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Stripping Down

September 29, 2008

Tree bark, originally uploaded by RoadTripers.

Now that our dining room is looking good and our living room is pretty much all set up we have turned our attention to our kitchen. The nice thing about renting a house is that all the walls are painted colors as opposed to the cream or white colored walls found in most apartments. The downside is that we don’t like all the colors. The homeowners have given us free rein to repaint but on the heels of repainting the dining room we were looking for a smaller project. When I (N.) was still living on my own I bought an unfinished oak table to double as a dining room table and desk. In my “infinite wisdom” I decided to paint it aqua and teal using a faux finish technique on the top. Even after I did it I didn’t like it so I threw a table cloth over it and pretended not to notice the aqua legs sticking out. Now that we have combined households the table really needs to serve as a kitchen table and the color needed to go.

That said we wanted to keep our renovations green we had to find an eco friendly way to strip and refinish the table. When considering stripping paint you pretty much have three options- sanding, a heat gun, and chemicals. Originally we excluded chemicals because somehow J. had a heat gun and that seemed like the best choice. Although I will tell you that it is hardly an energy efficient method considering the amount of time it takes to strip using heat and the amount of power the heat gun requires. It also comes with a nice label on it that warns chemicals released during the process of stripping has been known to cause cancer, birth defects, and other reproductive problems. Awesome! Using the heat gun was a slow process and worked best when you could angle the gun and scrapper such that you used both simultaneously. This requires a bit of dexterity and eventually the scrapper is going to get to hot to handle due to its proximity to the heat gun. That’s okay though because it’s a convenient excuse to take a break. I used the heat gun inside and didn’t notice to much of a smell.

Unfortunately on day three of stripping (no it doesn’t take that long I just prefer to work in small segments) the heat gun mysteriously died. Rather then purchase a new one and lacking the skills to fix the old one we conceded defeat and decided to find an eco friendly paint stripper. Apparently the biggest offender in the list of chemicals paint strippers contain is methylene chloride, also called dichloromethane, which is an impressive stripping solvent but also a serious health hazard. “In the short term, inhalation of fumes from methylene chloride can cause dizziness, nausea, numbness of fingers and toes, eye irritation and impaired hand-eye coordination. A splash of this stuff on bare skin will cause skin irritation and even burns. Long-term, high-level exposure can cause heart and respiratory problems, damage to the central nervous system and may increase the risk of cancer. In addition, petroleum-based paint strippers produce harmful volatile organic compounds (VOCs), which provoke respiratory problems and contribute to smog formation.” There are a number of options on the market that don’t contain methylene chloride but the only one I could find at the local hardware store was Citrus Strip.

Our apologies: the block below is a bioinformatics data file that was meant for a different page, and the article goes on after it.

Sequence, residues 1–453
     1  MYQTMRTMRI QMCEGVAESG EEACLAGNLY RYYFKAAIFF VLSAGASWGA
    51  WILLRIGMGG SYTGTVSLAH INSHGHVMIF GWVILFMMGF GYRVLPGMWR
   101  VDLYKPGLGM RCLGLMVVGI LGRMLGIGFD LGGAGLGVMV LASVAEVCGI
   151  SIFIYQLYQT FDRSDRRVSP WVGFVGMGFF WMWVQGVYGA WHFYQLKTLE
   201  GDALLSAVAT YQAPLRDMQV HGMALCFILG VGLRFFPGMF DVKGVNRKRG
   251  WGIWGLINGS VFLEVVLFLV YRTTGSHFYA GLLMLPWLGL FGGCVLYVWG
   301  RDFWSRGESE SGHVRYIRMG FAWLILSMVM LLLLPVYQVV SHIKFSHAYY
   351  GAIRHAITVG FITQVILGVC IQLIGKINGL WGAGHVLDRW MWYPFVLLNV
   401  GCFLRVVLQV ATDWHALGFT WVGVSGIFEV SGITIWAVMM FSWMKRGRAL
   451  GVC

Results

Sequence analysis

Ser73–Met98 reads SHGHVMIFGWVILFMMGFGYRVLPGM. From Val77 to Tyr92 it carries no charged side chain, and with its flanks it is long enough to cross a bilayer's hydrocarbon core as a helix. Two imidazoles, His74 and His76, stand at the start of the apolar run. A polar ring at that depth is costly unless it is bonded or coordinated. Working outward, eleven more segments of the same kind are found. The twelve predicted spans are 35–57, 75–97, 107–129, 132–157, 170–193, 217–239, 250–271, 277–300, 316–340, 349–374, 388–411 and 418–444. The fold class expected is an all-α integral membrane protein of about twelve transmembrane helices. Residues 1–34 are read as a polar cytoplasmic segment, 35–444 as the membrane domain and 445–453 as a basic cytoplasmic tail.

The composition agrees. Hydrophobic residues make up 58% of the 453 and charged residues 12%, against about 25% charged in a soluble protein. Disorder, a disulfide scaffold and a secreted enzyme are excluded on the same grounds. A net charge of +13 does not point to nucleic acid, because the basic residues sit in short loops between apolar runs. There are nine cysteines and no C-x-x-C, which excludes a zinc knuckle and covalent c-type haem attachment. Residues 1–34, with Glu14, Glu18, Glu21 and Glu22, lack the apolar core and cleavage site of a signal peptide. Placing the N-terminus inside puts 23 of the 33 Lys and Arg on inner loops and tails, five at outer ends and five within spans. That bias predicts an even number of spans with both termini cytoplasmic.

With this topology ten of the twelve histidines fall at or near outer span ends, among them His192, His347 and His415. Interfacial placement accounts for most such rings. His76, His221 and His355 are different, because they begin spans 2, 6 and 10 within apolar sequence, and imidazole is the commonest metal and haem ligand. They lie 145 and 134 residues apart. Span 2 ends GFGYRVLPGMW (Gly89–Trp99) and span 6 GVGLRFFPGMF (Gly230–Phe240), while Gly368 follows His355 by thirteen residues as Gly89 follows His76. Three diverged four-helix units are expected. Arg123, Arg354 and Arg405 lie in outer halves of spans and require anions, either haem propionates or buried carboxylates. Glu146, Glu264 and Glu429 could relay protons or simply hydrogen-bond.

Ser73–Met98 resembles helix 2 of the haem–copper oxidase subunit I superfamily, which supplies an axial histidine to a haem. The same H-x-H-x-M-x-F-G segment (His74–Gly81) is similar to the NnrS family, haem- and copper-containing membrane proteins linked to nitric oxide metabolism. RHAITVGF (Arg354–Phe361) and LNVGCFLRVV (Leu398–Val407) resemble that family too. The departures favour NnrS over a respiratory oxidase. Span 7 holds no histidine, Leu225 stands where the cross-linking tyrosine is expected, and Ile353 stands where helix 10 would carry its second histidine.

In addition to being methylene chloride free Citrus Strip claims to have a pleasant orange scent and be non caustic allowing the product to be used indoors. It is also biodegradable. I globbed a bunch on our table yesterday and while it didn’t give me a headache or smell out right of chemicals I would not call it a “pleasant citrus” smell, rather it smelled sickly sweet and brought to mind poisons like arsenic. I can see why the packaging says to make sure you keep cross ventilation going although “it’s safe for indoor use.” You really have to glob this stuff and then let it sit I found for about 4-6 hours to really see results. Even then you are still going to be scrapping and eventually sanding any paint that has seeped into the wood. I’m not really happy with the idea of using chemicals especially on our table which we will be eating off of but I didn’t see the point in buying a new heat gun either…

I imagine it will take us a week or so before we finish completely stripping the table and sanding it down to it’s bare state and then it’ll probably stay that way until we figure out what color we want to stain it. Since we are NEVER going to refinish the table or anything else if we can avoid it we want to make sure we pick just the right color. At least I know green stripping isn’t really any harder then stripping with regular chemicals. After all you still have to scrap no matter what method you use and no stripper is going to get all the paint off so we all have to finish with a sander.

2 Comments leave one →
  1. September 29, 2008 12:29 pm

    It’s so good to hear that green stripping isn’t any harder.

  2. September 29, 2008 3:58 pm

    Ah, paint strippers. We are in need of stripping the paint from our basement walls & floor (cinder blocks & concrete) to apply a water sealer for radon abatement. I searched and searched for a non-toxic stripper. Finally we decided a power washer would do the job without any toxicity.

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